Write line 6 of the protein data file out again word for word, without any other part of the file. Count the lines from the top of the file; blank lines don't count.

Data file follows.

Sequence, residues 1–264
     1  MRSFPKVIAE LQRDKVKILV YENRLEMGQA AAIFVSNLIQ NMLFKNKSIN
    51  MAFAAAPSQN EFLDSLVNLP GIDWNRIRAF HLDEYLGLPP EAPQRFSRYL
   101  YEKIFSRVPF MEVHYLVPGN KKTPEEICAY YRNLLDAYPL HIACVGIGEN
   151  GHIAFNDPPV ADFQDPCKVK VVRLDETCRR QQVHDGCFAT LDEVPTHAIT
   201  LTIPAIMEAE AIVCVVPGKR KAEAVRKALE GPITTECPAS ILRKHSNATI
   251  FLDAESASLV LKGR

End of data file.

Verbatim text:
   201  LTIPAIMEAE AIVCVVPGKR KAEAVRKALE GPITTECPAS ILRKHSNATI